Whatever surprises Lord Hill had been storing up for the programme companies he seemed unaware that his own destiny was under consideration at 10 Downing Street.
Lord Normanton had died in office and the Chairmanship of the BBC had become vacant. In one of those occasional swings of the pendulum when power passes from Chairman to Director-General, or vice versa, Sir Hugh Greene had developed into a Director-General with character and personality strong enough to assume control of the Corporation’s policies and activities. His liberal attitudes towards programmes and programme-makers were less popular outside the BBC. It might be all very well to brush aside protesting do-gooders like the reforming Mary Whitehouse but it could be hazardous to antagonise a Prime Minister.
When the day came to decide on who should occupy the Chairman’s seat on the BBC Board of Governors the final choice rested with one man, the Prime Minister. There are two versions of what happened. One account is that during a Cabinet meeting the Prime Minister passed a scribbled note to his Secretary of State for Commonwealth Affairs, the Rt Hon Herbert Bowden, and asked him whether he had any preference for being appointed Chairman of the BBC or of Independent Television. ‘Bert’ Bowden was nearing the summit of an impressive career but, for domestic reasons, the travels essential to his Commonwealth duties had become irksome and he had notified the Prime Minister that he would welcome a transfer to another post in Britain.
When he read the message it did not take him long to make up his mind. He knew Sir Robert Fraser and liked him; Sir Hugh Greene was an unknown quantity and from hearsay the prospect was not attractive. Although the Minister had been an opponent of Independent Television in the beginning, his respect had grown for its accomplishments, and he decided that this was where his future might lie. He accepted the job, and the peerage that went with it. Lord Aylestone became Chairman of the Independent Television Authority.
The more familiar version is that the Prime Minister, dissatisfied with the BBC and its domination by the Director-General, came to the conclusion that the only remedy was to appoint a combative Chairman. Impressed with the performance of Lord Hill at ITV and his domination of its Director-General and members of the Authority, Mr Wilson decided to use the shock tactic of installing as Chairman of the BBC the ‘general’ in command of the opposition.
Perhaps when he contemplated such a switch Mr Wilson had been finally impressed by the firm way in which Lord Hill had dealt with the programme companies and his effective handling of the press at the Sunday afternoon conference to announce the changes. It was only six weeks after the press conference that Lord Hill was telephoned at his home in Harpenden and summoned to Downing Street to meet the Prime Minister on the following afternoon. Mr Wilson was accompanied by the Postmaster-General, then Mr Edward Short. The Prime Minister first complimented Lord Hill on his good work at the ITA and then offered him the Chairmanship of the BBC. Lord Hill’s own reflection on this was:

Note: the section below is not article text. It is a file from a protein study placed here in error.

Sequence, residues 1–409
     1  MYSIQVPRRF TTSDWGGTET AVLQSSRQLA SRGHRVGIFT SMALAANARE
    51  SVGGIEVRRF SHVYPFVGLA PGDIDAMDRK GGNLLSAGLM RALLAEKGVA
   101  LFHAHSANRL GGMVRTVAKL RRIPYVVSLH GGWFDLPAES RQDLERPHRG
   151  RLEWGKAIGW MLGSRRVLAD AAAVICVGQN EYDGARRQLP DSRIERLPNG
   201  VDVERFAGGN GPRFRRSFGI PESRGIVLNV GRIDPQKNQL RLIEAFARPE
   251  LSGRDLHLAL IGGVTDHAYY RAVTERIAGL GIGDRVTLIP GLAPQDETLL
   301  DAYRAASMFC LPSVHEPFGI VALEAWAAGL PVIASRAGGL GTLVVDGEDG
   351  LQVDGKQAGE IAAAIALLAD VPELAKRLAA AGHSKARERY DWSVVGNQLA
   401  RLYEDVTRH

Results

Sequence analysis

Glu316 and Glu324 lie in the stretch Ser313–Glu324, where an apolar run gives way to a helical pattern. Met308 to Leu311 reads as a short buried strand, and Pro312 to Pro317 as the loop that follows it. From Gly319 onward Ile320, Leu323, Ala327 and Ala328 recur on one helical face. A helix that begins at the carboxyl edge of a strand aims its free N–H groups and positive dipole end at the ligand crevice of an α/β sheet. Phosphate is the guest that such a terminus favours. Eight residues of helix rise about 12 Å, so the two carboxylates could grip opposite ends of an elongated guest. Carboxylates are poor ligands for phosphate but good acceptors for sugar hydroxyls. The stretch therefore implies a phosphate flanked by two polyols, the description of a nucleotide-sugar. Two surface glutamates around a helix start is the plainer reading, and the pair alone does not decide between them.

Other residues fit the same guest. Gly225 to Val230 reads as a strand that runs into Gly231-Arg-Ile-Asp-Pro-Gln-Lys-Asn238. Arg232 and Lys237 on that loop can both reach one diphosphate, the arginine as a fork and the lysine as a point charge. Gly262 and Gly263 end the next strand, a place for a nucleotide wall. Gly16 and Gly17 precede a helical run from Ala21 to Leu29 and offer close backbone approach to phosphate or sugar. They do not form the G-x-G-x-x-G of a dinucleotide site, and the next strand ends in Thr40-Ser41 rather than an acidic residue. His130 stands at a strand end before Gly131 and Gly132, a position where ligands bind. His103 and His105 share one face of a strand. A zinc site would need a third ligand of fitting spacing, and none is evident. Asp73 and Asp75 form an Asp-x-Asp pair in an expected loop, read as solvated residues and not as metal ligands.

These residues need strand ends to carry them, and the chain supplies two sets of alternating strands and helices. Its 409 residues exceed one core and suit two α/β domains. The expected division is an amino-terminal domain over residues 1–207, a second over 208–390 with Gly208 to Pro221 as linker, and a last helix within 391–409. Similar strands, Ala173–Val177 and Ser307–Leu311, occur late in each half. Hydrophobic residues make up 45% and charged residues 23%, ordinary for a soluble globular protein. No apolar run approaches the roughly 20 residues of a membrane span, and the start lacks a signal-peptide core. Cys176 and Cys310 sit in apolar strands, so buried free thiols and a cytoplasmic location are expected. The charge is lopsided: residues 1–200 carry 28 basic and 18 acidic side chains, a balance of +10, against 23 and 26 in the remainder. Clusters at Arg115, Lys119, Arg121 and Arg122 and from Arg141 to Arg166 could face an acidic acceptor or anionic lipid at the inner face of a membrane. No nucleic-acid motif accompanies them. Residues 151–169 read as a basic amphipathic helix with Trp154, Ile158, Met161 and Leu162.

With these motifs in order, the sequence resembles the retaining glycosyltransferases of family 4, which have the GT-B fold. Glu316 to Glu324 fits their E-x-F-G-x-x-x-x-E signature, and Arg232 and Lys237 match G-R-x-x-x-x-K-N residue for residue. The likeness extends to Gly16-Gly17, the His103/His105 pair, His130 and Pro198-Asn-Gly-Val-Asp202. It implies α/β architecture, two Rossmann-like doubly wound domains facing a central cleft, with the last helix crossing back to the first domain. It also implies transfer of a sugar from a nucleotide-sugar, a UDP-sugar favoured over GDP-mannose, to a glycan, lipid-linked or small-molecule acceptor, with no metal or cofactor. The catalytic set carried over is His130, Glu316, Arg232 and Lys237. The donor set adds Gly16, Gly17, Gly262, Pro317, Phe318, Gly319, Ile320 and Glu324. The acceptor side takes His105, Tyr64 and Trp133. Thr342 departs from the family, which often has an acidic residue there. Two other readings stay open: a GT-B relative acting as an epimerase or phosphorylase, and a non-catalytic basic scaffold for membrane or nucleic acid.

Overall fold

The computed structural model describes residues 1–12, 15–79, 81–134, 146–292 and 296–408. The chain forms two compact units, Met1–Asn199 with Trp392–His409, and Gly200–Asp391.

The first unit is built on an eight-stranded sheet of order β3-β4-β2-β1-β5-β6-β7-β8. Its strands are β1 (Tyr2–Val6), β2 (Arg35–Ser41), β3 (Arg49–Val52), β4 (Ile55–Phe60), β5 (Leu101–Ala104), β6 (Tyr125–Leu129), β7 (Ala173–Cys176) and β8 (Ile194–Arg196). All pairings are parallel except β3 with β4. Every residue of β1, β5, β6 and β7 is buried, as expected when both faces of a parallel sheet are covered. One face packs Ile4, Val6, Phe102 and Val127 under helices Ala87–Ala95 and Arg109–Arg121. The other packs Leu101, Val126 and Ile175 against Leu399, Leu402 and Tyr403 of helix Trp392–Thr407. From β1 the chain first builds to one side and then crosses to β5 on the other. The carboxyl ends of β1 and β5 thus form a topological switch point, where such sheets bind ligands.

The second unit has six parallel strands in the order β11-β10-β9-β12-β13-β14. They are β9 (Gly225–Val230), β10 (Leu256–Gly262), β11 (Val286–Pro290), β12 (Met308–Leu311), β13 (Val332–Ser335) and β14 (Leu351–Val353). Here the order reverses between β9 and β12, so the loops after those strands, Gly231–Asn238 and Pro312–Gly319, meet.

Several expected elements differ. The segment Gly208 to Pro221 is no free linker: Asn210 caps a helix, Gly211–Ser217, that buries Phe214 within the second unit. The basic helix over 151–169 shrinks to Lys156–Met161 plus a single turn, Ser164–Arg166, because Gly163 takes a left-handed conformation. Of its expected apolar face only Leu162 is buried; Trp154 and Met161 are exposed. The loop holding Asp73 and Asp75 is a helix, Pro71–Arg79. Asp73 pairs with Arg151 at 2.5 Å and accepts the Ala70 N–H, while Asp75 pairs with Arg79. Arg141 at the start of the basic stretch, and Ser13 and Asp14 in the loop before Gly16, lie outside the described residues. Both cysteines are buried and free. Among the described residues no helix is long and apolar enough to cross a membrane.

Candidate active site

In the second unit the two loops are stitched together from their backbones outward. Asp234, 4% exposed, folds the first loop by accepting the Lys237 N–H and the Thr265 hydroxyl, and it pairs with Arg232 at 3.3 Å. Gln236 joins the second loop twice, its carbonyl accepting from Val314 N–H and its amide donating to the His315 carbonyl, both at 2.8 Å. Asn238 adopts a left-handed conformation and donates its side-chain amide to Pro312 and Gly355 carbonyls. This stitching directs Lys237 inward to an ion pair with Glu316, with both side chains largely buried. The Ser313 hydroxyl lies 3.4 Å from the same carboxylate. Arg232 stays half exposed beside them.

The Prime Minister had not given me a choice between an extension of my job at the ITA or the acceptance of the BBC Chairmanship. If he had, I suspect that I might well have accepted an extension of the ITA Chairmanship.
The one factor about which there was no doubt was the Prime Minister’s intention to put politicians in control of BBC and ITA.
Lord Hill moved into Broadcasting House and began a stormy regime at the BBC where the news of his appointment had been received with anger and bewilderment. A cold reception awaited him from the Board of Governors.
Lord Aylestone told me that his reception at Brompton Road, too, was chilly. The way he assessed it, everyone was speculating as to why he had been sent there, but before long his friendliness and his candour thawed out the freeze and he became the most popular Chairman with the staff of the Authority.
His first action had been to study the transcripts of all the interviews for the new franchises. His conclusions were that Television West-and-Wales had been treated fairly but he was not entirely happy with the handling of Rediffusion.
Born in Cardiff, where his parents ran a small but unsuccessful bakery, Bert Bowden became Labour member for Leicester South in 1945, gaining a safe seat. His five years at the Authority were extended to seven and a half years and he left with the goodwill of the staff and all the companies. A modest and simple man, his tastes in many ways reflected the programme preferences of the public, and above all he was totally honest and direct in his approach to problems. He was accessible to all and overcame most difficulties by applying ordinary commonsense.
Lord Hill’s legacy of new companies became Lord Aylestone’s baby, with all the pangs of youthfulness. There was also the task of finding a successor for Sir Robert Fraser, who was due to retire. I know that Lord Aylestone’s first preference for a new Director-General would have been John Freeman and an approach was made. At the time John Freeman was not attracted but ultimately, when the chaotic situation at London Weekend was heading for disaster, the company was salvaged by the appointment of John Freeman in the combined role of Chairman and Chief Executive, with Aidan Crawley becoming president.
Thames Television had succeeded in mastering most of the problems of a merger and was creating no difficulties for the new Authority Chairman. After a successful launching at the Mansion House Thames had reached the end of its first half year and in spite of the industry’s troubled re-start the Company looked well set for a good run.
Then came rumblings of another change. EMI had made a bid to take over ABC, half owners of Thames Television.